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Page:Popular Science Monthly Volume 89.djvu/777

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Popular Science Monthly

��763

��To Keep the Water in the Aquarium

Clean and Fresh Ax aquarium for the lioiue ina>' he M~\ ctiuipiied witli a simple contrivance for keeping the water clear and fresh, thus overcoming the only difificulty in maintaining one. The aerator shown works simply and will go for months without other attention than to provide water for the suppK' basin.

In the drawing showing the apparatus there are the fish tank, suppl>' basin, and glass tubing from the basin to the tank. The si- phon forces a supply of air through the water in the fish tank. The tank consists of a baseboard which is slightly larger than the tank itself, four square posts and four pieces of heavy glass. The base piece should be cut from wood I in. thick. Screw two strips of wood across it on the under side, one at each end, to pre\"ent it from warping.

The corner posts are to be shaped as shown in the drawing with a rebate for the glass on the adjacent sides and a piece fitted in the inner angle to hold the glass in position. The base is also grooved* on the sides and ends for the glass. Fit the posts by sinking them intoa J/4-in. mortise cut in the base piece and then put a long screw into the end of the post througli the base piece.

In fitting the glass bed in place use white lead putt>' made up with a little powdered rosin to cause it to harden quickly. The wood of the tank should be \arnished and allowed to stand for one week before the tank is filled.

The aerating apparatus is made from J^-in. glass tubing with a piece of ?4-in. tube for the air-recei\cr and two corks.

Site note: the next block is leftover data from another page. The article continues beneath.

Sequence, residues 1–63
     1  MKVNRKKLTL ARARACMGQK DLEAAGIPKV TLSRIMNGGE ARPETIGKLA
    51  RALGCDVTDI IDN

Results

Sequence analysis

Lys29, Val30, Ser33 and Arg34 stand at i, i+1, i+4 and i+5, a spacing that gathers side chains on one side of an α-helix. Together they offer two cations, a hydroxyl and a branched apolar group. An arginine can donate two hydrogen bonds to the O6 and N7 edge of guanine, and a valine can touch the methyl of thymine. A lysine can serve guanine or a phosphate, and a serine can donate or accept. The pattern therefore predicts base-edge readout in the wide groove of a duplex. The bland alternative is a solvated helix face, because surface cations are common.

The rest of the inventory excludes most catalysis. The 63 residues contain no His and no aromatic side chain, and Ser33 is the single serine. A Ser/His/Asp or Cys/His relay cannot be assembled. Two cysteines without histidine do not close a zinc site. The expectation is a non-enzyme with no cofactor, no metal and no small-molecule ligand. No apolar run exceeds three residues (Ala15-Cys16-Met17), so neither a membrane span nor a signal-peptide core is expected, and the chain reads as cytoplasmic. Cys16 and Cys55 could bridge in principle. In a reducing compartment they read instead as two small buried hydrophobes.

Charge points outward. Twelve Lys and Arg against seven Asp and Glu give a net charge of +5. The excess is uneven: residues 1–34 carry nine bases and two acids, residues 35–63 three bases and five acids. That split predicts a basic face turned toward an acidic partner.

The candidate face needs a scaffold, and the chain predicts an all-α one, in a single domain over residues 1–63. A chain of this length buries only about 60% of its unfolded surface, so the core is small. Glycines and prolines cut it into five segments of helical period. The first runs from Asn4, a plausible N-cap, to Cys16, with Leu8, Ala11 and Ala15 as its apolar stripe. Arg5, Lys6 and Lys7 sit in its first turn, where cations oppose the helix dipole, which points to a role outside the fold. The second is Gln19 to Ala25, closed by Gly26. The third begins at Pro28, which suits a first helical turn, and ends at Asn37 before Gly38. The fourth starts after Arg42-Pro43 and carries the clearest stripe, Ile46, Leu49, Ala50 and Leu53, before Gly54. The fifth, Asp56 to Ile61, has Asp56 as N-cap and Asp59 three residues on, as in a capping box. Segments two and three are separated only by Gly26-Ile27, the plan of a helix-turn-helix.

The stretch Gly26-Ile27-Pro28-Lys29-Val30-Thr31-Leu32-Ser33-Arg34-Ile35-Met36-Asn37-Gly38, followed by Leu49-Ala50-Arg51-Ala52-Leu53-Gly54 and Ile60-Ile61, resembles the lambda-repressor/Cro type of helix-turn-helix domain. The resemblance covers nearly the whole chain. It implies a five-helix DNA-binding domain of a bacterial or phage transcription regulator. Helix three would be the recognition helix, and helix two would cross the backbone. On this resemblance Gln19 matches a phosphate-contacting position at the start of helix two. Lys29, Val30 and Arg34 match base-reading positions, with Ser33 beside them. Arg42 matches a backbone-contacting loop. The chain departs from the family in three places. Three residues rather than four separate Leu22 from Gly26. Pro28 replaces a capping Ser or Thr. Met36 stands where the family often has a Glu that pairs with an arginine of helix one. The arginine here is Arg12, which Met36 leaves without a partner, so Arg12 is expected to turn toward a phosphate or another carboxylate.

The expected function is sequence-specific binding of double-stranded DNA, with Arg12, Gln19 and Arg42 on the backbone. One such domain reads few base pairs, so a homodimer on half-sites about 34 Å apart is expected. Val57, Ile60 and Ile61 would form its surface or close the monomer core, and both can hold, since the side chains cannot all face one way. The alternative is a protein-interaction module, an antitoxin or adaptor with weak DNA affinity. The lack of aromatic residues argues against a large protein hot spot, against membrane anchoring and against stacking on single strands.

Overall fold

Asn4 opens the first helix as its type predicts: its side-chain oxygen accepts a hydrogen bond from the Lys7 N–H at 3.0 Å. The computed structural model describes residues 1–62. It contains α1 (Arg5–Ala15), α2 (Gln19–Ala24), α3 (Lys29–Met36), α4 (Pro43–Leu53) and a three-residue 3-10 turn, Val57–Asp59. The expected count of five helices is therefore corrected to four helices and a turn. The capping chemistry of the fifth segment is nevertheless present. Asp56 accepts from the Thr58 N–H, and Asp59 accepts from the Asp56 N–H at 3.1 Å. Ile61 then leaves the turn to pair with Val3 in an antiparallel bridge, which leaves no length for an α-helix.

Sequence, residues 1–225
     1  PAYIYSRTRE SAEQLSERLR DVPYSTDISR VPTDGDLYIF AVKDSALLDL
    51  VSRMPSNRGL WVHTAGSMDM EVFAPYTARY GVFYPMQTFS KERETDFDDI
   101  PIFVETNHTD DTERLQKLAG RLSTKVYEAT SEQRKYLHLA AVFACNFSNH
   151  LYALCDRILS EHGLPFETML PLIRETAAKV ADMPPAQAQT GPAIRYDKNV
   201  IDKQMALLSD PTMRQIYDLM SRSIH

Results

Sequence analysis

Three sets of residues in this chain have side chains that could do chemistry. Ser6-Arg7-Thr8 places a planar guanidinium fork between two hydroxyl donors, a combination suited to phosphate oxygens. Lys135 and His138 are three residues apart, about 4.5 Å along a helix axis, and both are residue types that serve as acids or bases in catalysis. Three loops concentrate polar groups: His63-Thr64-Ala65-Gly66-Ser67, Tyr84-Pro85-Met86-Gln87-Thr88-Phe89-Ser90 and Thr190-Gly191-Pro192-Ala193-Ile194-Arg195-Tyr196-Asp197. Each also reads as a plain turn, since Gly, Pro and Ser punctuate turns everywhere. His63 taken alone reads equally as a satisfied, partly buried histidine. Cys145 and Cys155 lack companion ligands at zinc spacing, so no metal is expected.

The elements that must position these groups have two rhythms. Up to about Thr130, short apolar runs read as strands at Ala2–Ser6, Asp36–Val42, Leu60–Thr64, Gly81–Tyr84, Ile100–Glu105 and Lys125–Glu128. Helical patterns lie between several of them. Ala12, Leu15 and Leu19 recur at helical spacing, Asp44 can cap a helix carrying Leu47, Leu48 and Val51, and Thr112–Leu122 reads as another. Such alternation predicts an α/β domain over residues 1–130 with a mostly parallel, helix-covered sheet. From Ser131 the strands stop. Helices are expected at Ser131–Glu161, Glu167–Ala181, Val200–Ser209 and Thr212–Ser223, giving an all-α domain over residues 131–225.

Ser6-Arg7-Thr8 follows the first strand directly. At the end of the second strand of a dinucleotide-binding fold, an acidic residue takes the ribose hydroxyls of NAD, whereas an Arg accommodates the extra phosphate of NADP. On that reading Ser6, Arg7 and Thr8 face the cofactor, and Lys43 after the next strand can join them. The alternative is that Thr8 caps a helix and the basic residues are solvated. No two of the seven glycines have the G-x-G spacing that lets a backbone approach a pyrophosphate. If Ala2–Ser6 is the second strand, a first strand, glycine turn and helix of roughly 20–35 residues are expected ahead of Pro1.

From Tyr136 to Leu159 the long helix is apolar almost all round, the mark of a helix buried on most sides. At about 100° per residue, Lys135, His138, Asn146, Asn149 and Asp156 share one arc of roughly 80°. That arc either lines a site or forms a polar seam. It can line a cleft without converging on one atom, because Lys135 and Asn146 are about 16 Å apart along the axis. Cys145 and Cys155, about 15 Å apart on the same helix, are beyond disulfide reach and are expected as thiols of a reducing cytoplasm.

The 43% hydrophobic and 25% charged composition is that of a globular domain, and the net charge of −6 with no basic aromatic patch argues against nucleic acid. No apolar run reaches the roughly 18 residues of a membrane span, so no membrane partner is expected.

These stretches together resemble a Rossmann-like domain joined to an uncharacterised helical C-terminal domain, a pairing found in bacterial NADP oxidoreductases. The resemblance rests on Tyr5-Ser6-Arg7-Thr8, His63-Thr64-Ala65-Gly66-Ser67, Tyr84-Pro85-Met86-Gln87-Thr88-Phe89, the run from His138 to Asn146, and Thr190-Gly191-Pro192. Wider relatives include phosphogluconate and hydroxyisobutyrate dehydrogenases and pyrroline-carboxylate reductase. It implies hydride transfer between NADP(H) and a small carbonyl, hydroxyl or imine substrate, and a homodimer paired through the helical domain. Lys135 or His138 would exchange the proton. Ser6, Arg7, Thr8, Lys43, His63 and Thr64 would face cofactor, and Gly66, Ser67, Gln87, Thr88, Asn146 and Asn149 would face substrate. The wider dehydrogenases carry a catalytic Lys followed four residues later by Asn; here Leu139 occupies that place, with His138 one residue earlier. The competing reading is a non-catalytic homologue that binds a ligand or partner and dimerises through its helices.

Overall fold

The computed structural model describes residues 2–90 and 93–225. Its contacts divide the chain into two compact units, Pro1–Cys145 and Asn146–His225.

���An aquarium with an automatic supply basin and an aerator.

��The ^4-i'i glass tube is 7 in. long and is fitted with a perforated cork at each end. A hole about j § in. in diameter is filed in the side of the glass.

Fit the 34-'n- pieces of tube through the corks, one at each end. Take the lower piece, which should be about 3K ft- long, heat one end of it and form into a slightly bell-mouthed shape. The lower end is also heated and bent as shown in the illustration.

The upper piece of glass, which shtnild be of a con\enient length, is bent in he form of a s\phon. F"or the supply basin use a glass jar.

After all the parts of the aerating apparatus have been fitted to- gether, fill the fish tank and put the aerator in position; fill the supply basin also nearly to the top with clear water.

The upper part of the li-in. glass tubing is now taken out of the cork, and filled with water, holding a finger on each end. Then slip one end of the tube into the supply basin and the other through the cork of the air- receiver.

If this is correctly done, it will be found that the water begins at once to drop from the upper pipe, taking its supply from the basin on the wall bracket, and before very long it will be forcing a supply of air through the water in the tank at regular intervals. — John Y. Dunlop.

��Making a Serviceable Fireless Cooker

THE cooker illustrated on the follow- ing page can be made with two or more pots, although the drawing shows only one. The outer part of a double boiler will serve for the pot. The first requirement is a stout box of suitable size, with llie cover hinged. To prc\cnt warping, it should be reinforced with

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